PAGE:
by It's Open
Facebook Pages have gradually grown over the last year, offering more and more features to customise your page. The leading social network is usually fairly wary about allowing users to customise their experience, so the introduction of the Facebook language FBML is an interesting one.
With FBML, you can create your own landing page, with clickable links and images. We’ve already looked at Facebook shopfronts last week and, in theory, you can replicate the majority of your blog or website on your Facebook page.
So, what’s stopping you? Well, at the moment FBML is still fairly basic. Templates with Flash are hard to come by, leaving the pages looking a little flat. You’re also at the mercy of the Facebook server, which has its many issues. The majority of pages are static too, meaning regular updates are time-consuming to edit and upload.
However, it will be interesting to see where Facebook go with Pages in the future. With more flexibility and ease of use, this function could prove to be a contender for those wanting a more simple blog.
Could Facebook change the whole future of blogs? A social networking service offering full blogging capabilities would be an interesting concept indeed, but will they be the first to take that step?
What do you think?
by Rob McLuhan
The growth of social media use by smaller businesses has doubled in less than a year. In a poll of 269 companies carried out by Daryl Willcox Publishing, 54% said they use it, compared with 27% last December, with more than a third posting updates every day.
LinkedIn emerged as the most popular choice, used by almost three quarters of the companies, with Facebook used by 64% and Twitter 63%.
Among companies that don’t use it, lack of time was the main reason cited (35%), although a large minority (31%) said their customers didn’t use it. A quarter said they didn’t understand it.
Sixty percent reported a positive impact on their business. Main reasons for using it were networking, attracting new customers and raising brand awareness, although a few (14%) said they were doing it just because everyone else was. Unlike big brands, few used it to offer incentives such as money-off vouchers.
More details here.
by It's Open
Formspring is a service that allows visitors to ask you questions, both anonymously and named, on any subject they like. It’s a prime example of a social network that experienced a surge in popularity, followed by a lull when the service was simply forgotten for the Next Big Thing.
The main reason a lot of people allowed their membership with Formspring to lapse is due to the anonymous nature, leading to some abusive questions and comments to be made to each Formspring account. While this isn’t a new occurrence in the online world, it did pick up a lot of speed on this particular site.
But does that mean companies should avoid the service? A thick skinned community manager can keep an eye on what’s going on, dealing with constructive criticism and removing abusive content. As an interactive FAQ section, it’s an interesting way to extend your social media strategy and improve your relationship with customers.
This kind of approach works well with online retailers, particularly for the fashion, technology and cosmetic markets. It’s a lightweight version of a forum, allowing users to ask all those niggling questions that they don’t wish to call or email about.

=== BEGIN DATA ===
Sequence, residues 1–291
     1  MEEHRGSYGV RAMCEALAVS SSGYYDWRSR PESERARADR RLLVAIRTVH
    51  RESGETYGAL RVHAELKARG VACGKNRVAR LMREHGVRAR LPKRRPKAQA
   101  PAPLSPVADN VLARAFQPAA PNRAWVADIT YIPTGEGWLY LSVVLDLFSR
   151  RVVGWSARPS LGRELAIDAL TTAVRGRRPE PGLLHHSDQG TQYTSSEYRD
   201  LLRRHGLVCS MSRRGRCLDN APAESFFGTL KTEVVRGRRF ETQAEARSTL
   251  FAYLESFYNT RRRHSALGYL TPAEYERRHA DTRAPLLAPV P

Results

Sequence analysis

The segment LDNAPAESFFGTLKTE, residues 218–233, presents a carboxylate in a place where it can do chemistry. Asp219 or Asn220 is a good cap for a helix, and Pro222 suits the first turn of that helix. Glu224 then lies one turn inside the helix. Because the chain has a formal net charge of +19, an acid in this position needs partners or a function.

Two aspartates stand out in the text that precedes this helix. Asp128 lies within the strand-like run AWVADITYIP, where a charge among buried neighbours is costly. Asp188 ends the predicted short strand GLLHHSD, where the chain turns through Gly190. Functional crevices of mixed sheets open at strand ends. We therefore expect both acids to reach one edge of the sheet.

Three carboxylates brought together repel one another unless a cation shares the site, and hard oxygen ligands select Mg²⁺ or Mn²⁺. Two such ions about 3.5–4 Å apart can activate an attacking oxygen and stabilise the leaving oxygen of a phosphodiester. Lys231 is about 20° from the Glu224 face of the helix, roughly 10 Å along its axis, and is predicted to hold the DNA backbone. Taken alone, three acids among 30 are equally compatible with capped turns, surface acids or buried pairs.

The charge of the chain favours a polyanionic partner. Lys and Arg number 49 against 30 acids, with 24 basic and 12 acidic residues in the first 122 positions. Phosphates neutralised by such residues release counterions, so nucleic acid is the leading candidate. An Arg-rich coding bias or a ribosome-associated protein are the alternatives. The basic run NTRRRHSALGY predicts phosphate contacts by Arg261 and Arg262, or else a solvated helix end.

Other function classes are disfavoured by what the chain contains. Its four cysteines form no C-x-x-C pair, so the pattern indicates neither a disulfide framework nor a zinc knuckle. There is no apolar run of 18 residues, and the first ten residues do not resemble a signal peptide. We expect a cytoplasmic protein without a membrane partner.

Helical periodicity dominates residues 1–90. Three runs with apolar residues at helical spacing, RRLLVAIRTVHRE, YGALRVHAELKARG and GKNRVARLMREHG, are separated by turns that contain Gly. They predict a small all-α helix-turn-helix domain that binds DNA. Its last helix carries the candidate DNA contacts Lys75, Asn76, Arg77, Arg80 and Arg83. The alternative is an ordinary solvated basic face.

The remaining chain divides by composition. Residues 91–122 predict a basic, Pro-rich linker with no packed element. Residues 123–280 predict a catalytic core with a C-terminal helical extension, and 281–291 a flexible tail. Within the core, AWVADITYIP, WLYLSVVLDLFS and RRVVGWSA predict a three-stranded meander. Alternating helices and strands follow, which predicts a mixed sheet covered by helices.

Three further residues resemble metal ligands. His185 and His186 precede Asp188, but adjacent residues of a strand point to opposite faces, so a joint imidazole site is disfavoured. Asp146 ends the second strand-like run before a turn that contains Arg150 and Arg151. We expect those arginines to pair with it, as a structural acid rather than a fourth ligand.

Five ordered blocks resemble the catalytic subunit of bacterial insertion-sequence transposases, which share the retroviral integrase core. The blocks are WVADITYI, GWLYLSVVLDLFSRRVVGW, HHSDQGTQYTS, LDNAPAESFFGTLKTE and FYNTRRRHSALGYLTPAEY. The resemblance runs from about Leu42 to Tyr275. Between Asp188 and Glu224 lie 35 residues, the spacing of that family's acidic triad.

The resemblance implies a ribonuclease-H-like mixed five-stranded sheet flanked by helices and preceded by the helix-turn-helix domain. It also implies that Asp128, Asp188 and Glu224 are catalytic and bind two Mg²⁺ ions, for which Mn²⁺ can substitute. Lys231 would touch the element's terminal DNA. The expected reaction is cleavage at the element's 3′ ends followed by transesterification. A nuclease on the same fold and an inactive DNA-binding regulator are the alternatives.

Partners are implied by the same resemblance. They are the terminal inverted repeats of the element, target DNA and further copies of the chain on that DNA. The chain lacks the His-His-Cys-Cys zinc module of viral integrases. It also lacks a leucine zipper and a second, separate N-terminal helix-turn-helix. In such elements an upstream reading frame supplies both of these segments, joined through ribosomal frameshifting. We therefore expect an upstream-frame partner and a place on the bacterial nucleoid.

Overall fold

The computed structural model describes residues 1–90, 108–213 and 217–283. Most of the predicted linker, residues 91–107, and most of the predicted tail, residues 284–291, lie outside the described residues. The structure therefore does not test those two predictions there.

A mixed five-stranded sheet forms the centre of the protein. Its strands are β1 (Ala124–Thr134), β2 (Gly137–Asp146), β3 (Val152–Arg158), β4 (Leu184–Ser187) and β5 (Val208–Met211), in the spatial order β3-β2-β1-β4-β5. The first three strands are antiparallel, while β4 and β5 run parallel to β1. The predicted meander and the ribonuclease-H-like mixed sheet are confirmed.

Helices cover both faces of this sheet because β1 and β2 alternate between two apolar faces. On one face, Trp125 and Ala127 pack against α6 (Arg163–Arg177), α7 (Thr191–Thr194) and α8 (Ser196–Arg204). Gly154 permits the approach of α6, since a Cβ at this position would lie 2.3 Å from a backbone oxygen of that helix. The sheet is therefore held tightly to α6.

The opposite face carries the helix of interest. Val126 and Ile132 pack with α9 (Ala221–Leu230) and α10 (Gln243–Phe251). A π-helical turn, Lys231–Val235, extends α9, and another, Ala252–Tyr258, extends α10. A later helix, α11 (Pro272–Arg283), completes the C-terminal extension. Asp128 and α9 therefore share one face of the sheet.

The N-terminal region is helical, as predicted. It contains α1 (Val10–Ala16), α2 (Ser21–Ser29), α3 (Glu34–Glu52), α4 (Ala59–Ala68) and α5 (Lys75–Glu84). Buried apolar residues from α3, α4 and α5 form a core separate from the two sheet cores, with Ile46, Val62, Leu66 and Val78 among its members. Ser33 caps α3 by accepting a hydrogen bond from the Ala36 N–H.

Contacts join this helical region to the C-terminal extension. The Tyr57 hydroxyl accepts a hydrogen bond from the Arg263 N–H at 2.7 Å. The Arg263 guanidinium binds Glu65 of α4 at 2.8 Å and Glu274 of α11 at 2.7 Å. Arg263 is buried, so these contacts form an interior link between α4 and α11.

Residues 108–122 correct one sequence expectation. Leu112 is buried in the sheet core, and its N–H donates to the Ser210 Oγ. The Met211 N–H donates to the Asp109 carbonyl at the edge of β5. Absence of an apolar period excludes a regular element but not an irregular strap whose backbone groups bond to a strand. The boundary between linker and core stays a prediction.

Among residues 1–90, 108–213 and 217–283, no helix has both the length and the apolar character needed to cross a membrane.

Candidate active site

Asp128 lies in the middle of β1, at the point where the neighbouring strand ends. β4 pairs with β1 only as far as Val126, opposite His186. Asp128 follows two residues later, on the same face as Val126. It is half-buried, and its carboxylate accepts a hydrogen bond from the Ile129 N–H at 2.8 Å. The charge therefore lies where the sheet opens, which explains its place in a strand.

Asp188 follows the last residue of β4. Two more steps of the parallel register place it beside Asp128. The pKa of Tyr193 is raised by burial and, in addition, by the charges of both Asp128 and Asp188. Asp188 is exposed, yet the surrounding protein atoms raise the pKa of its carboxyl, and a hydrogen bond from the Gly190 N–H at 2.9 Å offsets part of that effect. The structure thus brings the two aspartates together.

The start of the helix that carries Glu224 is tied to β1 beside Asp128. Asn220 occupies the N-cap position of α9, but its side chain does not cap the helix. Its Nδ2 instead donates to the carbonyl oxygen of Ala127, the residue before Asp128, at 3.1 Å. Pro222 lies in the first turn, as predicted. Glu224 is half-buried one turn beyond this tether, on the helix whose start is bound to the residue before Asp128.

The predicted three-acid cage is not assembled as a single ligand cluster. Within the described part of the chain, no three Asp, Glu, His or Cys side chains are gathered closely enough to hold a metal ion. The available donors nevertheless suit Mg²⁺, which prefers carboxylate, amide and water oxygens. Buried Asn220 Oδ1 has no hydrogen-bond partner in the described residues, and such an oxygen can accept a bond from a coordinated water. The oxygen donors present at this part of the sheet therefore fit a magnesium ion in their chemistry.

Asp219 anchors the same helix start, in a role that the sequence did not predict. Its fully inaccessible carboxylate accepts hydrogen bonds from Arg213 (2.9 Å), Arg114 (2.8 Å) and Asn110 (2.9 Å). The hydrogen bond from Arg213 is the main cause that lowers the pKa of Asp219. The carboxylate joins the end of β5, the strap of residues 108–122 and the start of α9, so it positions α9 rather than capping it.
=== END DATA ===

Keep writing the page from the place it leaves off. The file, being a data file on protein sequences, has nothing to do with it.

What do you think about Formspring? Would you use it?
by It's Open
If you’re reading this, the likelihood is you’ll have heard of Foursquare. The location-based social network is being touted as the Twitter of 2010. Companies are now using it to promote their business and offer customers promotions and discounts.
But it’s not a simple process of ‘checking-in’ everywhere you go. Like all social networks, it requires an understanding of the basics to get the most out of the service.
Here, for your reference, are five rules to stick by for Foursquare:
Do add your own notes when you check in. Useful tips will go down well with other visitors, whether it’s recommending a particular dish at a restaurant or warning them to avoid the bathroom facilities!
Don’t check in everywhere. No one needs to know if you’ve just been to KFC or the doctors. Use it to highlight the most interesting, important activities.
Do link it up to your Twitter and Facebook. Your followers may be interested in the latest restaurant you’ve visited or conference you’ve attended. Just make sure you follow the point above and avoid spamming your accounts.
Do grow the community by adding new places. Fellow users will appreciate it and you’re more likely to reach the Mayor status.
Don’t forget others can use this information to their own advantage. Checking in and out of your own home could endanger your own safety, and also leave you open to crimes like burglary.
Blogger has announced the release of two more official gadgets for their templates: Total Pageviews and Popular Posts. Total Pageviews will display the number of views your page has had, while Popular Posts will display a snippet of the top 10 most popular posts on your blog.
These two releases follow the addition of a Stats tab, giving bloggers further information on the visitors of their blog. The expanded analytics bring the popular blogging platform a step closer to WordPress in terms of drilling down into your blog.
Blogger is an excellent example of an online service that constantly listens to feedback in order to improve the experience for its users. A social media strategy needs to constantly adapt and change according to the needs of your business and customers, and this includes your blog or website. Blogger have therefore managed to increase their competitive advantage by keeping an open mind and being flexible.